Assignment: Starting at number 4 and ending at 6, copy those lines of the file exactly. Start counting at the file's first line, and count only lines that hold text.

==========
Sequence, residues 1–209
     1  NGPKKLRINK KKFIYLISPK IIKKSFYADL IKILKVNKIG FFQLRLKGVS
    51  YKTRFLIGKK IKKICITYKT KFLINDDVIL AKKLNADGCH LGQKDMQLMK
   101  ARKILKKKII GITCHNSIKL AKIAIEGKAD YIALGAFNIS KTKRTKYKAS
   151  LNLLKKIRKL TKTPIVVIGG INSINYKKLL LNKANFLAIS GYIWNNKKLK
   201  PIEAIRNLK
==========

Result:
   101  ARKILKKKII GITCHNSIKL AKIAIEGKAD YIALGAFNIS KTKRTKYKAS
   151  LNLLKKIRKL TKTPIVVIGG INSINYKKLL LNKANFLAIS GYIWNNKKLK
   201  PIEAIRNLK